Meditation, yoga, and other stress-reducing therapies teach that slowing down and focusing on the timing and pace of our breath can have positive effects on our body and mind. A recent study in the Journal of Neurophysiology may support this, revealing that brain regions linked to emotion, attention, and body awareness are activated when we pay attention to our breath. This study raises the possibility that particular breathing strategies may be used as a tool to help people to manage their thoughts, moods, and experiences.
Christian mystics and contemplatives have long known that paying attention to one’s breath can be a powerful spiritual practice. Let’s take a look at one of the most widely known – The YHWH Breath Prayer.
The YHWH Breath Prayer As A Spiritual Practice
Centuries ago Jewish people concluded that the name of God should not be spoken at all. The Sacred Tetragrammaton, YHWH, was not ever to be pronounced with the lips. Many Jews believe that God’s name is not pronounceable, but only breathable: YH on the captured in-breath, and WH on the offered out-breath.
God cannot be captured or controlled, but only received and shared as freely as the breath itself—the thing we have done since the moment we were born and will do until the day we die. Yet, God is as available and accessible as our breath itself. Jesus breathes the Spirit into us as the very air of life (see John 20:22). Our job is simply to both receive and give this life-breath. We cannot only inhale, and we cannot only exhale. We must breathe in and out, a metaphor for accepting and letting go in the YHWH Breath Prayer.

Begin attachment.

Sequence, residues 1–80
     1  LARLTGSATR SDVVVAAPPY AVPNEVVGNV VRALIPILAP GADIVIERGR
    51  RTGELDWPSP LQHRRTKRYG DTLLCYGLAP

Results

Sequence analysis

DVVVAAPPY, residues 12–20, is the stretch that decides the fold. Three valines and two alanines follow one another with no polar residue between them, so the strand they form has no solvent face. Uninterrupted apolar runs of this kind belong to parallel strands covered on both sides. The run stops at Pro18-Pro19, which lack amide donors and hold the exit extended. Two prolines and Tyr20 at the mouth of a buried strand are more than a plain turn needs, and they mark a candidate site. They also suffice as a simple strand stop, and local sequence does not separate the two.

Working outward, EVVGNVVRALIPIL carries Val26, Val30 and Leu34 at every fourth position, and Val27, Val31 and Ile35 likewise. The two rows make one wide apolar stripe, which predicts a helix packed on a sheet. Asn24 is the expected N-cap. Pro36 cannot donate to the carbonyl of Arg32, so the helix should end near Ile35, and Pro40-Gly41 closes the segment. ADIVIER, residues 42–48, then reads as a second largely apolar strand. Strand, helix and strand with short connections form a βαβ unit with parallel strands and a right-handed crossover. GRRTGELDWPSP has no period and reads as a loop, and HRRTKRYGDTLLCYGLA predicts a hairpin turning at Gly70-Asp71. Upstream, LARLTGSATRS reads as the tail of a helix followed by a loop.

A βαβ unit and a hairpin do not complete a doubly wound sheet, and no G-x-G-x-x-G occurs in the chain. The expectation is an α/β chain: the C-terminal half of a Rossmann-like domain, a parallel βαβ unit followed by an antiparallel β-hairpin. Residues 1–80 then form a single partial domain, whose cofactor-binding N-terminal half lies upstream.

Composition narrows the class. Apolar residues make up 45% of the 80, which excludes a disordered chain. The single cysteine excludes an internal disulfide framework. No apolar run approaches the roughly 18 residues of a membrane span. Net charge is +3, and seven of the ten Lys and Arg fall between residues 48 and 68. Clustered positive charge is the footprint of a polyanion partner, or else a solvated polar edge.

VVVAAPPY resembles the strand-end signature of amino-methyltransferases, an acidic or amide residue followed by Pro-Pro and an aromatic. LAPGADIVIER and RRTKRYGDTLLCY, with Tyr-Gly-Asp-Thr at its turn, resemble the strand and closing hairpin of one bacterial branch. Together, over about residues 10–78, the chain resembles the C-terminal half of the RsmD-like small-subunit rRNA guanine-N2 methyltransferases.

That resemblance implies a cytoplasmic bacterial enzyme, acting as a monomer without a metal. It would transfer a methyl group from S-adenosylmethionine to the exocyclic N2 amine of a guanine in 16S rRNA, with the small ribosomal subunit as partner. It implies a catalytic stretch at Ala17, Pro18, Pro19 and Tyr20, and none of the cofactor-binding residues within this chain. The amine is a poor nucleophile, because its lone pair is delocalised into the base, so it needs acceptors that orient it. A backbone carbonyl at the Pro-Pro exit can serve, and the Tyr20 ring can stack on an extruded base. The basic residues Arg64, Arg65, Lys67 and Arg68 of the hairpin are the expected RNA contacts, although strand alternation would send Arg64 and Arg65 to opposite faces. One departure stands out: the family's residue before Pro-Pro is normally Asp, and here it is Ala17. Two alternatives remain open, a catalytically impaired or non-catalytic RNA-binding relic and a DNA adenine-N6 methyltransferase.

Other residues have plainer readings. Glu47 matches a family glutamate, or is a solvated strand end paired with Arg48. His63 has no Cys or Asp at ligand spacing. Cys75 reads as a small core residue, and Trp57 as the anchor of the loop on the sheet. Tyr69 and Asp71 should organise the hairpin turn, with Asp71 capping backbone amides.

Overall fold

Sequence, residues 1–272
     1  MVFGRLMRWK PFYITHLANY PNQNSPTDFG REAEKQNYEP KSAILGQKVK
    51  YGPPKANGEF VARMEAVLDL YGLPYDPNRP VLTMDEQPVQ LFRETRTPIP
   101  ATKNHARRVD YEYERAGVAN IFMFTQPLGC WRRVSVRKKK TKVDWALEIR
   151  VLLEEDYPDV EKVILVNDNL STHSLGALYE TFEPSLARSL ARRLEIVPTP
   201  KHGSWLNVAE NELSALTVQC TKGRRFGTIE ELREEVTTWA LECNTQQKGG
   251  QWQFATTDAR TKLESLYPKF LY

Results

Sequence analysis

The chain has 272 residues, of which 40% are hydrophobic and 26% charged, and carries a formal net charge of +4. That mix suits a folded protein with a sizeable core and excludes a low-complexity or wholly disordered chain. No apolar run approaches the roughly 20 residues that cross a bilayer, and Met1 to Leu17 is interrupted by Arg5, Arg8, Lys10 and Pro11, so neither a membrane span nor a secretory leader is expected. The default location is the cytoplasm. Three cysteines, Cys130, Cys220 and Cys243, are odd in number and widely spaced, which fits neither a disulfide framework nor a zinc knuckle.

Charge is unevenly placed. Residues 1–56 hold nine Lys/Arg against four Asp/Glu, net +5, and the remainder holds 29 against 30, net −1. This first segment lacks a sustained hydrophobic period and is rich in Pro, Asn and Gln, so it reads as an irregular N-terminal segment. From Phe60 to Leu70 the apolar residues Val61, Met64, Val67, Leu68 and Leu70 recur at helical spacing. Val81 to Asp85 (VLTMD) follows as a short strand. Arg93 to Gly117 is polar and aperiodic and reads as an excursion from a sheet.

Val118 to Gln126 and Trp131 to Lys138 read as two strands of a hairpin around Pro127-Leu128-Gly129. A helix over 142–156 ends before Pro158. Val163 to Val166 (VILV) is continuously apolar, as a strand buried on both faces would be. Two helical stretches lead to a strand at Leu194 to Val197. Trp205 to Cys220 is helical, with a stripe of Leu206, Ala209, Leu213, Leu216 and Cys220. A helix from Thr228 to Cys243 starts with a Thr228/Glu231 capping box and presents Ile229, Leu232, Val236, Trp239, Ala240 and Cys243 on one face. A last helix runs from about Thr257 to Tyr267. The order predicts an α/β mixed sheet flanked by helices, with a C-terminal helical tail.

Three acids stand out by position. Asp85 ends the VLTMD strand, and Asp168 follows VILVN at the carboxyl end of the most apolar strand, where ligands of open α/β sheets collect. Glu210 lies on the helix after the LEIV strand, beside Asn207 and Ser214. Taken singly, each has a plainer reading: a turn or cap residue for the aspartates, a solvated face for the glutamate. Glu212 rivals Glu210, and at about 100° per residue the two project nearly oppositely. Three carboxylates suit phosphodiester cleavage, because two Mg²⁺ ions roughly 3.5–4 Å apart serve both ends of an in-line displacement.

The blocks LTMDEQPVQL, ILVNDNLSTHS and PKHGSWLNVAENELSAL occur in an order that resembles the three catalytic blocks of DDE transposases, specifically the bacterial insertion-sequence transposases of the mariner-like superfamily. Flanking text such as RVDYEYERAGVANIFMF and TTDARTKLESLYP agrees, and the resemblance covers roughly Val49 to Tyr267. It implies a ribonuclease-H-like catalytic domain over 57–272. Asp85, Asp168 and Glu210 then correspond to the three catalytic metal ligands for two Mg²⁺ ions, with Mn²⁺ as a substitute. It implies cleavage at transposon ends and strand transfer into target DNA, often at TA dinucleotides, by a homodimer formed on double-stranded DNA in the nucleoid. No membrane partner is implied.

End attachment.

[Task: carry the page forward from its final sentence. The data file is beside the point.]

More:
As a spiritual practice, take several minutes to pause and breathe mindfully, surrendering to the mystery and invisibility of air, the sustainer of life. Open your lips; relax your jaw and tongue. Listen to the air flow in and out of your mouth and lungs as you inhale and exhale.
Breathe in and out words that describe the character and nature of God. For example, breathe in God’s love for you, breathe out God’s love to others. Breathe in God’s grace towards you, breathe out God’s grace towards others. Breathe in God’s compassion for you, breathe out God’s compassion to others. Throughout the day, let your breathing in and out be your prayer to—and from—God.
Posted on January 21, 2020